Tags

, ,

Being an entrepreneur is very liberating and fulfilling, but sometimes it can be downright scary.  A study done by Inc. magazine and the National Business Incubator Association (NBIA) revealed that 80 percent of new businesses fail within the first five years.

Yikes!!

While external factors are always at play, there are plenty of internal factors that are very much within the control of the business owner to remedy.  Self-employment expert Karyn Greenstreet, cited 14 reasons why small businesses fail in a very interesting article for CapturePlanning.com.  Some of the reasons she gave that caught my attention include:

Mistaking a business for a hobby: Just because you love something doesn’t mean you should convert it into a business. Too often businesses fail because the owner feels their passion is shared by others. Research your business idea and make sure it’s viable.

Poor planning: Yes, you must have a business plan. It can be a simple three-page plan or a huge 40-page plan. The point is that you’ve looked at all the aspects of your business and are prepared to handle problems when they arise. Your business plan helps you to focus on your goals and your vision, as well as setting out plans to accomplishing them. And don’t get mellow – revisit and revise your business plan annually.

Lack of experience in running a business or in the industry you’re entering: There are so many hats you have to wear, from marketing and selling in order to run a business effectively. On top of that, you have to understand your industry, the skills required to offer your products and services, and the trends in the industry. If you don’t know about these basic skills, educate yourself. Talk to others who are successfully running their own businesses, talk to industry leaders, get a book, find a website, get a coach, do your homework. And keep increasing your business and industry skills by attending classes or reading new books every year.

—————————————————————————————————————–

“Far too many women in business start wonderful companies only to hide in the backdrop and play it small.”

—————————————————————————————————————–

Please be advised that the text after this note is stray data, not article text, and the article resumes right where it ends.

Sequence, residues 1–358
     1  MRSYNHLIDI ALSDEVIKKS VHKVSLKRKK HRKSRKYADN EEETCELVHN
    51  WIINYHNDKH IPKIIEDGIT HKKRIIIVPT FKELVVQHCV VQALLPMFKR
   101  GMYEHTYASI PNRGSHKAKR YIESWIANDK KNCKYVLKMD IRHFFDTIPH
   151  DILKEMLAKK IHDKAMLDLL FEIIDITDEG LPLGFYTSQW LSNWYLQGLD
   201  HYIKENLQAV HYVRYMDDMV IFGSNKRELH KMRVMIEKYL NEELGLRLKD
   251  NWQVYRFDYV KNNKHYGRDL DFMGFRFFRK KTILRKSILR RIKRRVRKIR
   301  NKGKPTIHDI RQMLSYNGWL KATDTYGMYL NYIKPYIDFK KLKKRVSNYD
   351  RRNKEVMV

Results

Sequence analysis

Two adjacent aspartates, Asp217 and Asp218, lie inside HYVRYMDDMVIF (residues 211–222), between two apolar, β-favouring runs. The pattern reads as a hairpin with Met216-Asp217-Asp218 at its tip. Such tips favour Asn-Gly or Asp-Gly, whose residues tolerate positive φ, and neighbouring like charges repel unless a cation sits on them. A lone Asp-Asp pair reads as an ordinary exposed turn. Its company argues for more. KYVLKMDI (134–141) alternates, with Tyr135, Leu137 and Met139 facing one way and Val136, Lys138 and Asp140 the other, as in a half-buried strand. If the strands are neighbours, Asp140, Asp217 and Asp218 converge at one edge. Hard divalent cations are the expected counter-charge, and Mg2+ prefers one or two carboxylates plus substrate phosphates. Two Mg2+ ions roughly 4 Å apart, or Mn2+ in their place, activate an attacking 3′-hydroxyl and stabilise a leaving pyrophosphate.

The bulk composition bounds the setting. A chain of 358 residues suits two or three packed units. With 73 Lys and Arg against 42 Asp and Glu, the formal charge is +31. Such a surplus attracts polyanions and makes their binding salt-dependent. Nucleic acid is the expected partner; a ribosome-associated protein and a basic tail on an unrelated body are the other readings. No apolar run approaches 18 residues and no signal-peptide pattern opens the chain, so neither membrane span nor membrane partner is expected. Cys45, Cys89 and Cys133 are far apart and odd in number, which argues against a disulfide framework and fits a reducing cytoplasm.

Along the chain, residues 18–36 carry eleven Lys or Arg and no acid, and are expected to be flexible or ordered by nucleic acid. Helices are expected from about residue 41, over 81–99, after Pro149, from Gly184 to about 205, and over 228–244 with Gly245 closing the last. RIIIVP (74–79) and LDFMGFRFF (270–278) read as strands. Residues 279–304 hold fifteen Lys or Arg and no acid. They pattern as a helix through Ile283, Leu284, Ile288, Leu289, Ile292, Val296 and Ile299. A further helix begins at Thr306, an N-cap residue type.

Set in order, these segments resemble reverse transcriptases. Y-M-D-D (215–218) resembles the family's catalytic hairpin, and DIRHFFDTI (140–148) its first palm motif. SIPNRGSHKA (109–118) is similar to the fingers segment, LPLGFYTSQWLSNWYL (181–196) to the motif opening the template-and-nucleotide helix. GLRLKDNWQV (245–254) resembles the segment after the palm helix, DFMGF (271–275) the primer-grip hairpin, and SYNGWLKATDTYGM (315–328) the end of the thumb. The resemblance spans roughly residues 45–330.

Poor money management: You need to be able to live for one to two years without income when getting started; often businesses are very slow to get off the ground. Also, you have to create and use a realistic business budget, and not constantly drain the business income on personal spending.

 Competition: Customers will go where they can find the best products and services. It’s important for you to know who your competition is, what they have to offer, and what makes your own products or services better.

 Procrastination and poor time management: Putting off tasks that you don’t enjoy will sink your business faster than anything else. You can’t afford to waste time on unimportant tasks while critical tasks pile up. All tasks need to be done; if you don’t like to do them (or don’t want to spend your time doing them), hire someone to do them for you. If your time management and prioritizing skills are rusty, hire a small business coach or take a class to help you.

 Entrepreneurial burnout: owning your own business requires a huge investment of time, money, energy and emotion. It’s easy to work long days and forget to take time off. But in the end, this only causes burnout where your motivation and creativity will suffer, and a pessimistic attitude prevails. You’ll find yourself unable to balance your business and personal life, and both will suffer. Schedule self-care time into your work week and be religious about taking time off from your business.

 Some other reasons I’d like to add include:

Going it alone:  Most small business owners I speak to agree that being an entrepreneur can be incredibly lonely and isolating.  Joining a mastermind group or creating a personal board of advisors are proven methods to help you achieve your professional goals and also re-ignite motivation.  Every woman in every women’s leadership group I have ever facilitated have said hands-down that coming together collectively and sharing successes and challenges is one of the best things they have ever done for themselves professionally.

Dropping off the radar – or not being on it in the first place:  I know far too many women in business that start wonderful companies only to hide in the backdrop and play it small.  They expect that their website alone will bring them the recognition and business they are looking for!  Determine what it is you want to be known for and what you want to be seen as an expert in – and then go out there and showcase it!  Don’t assume that your audience is just going to “get it”.  Be clear, consistent and constant in your messaging.

Realizing life will ALWAYS throw you curve balls:  Tending to elderly parents, organizing your children’s lives, fixing that leak in the basement…..there seems to be a never-ending list of responsibilities that can completely exhaust and de-motivate you.  So you put your business on hold until things get better, only to realize that some other event awaits you and beckons your immediate attention.  There was a time not too long ago when this was exactly me.  In fact, I remember doing my 360 feedback personal brand assessment several years ago, and one of the overriding weaknesses that people identified in me was “she doesn’t give time to her business”.  I needed to wrap my brain around the fact that life is never going to cease to give me challenges – and that if I wanted to see my business thrive and my vision realized, I needed to commit to doing at least one small thing regularly.

So, the answer is yes you CAN save your business if you eliminate self-sabotaging behaviours and stop ignoring basic, fundamental principles of owning a small business. 

Do you have more tips to add to this list?  We’d love to hear from you!

 

Advertisements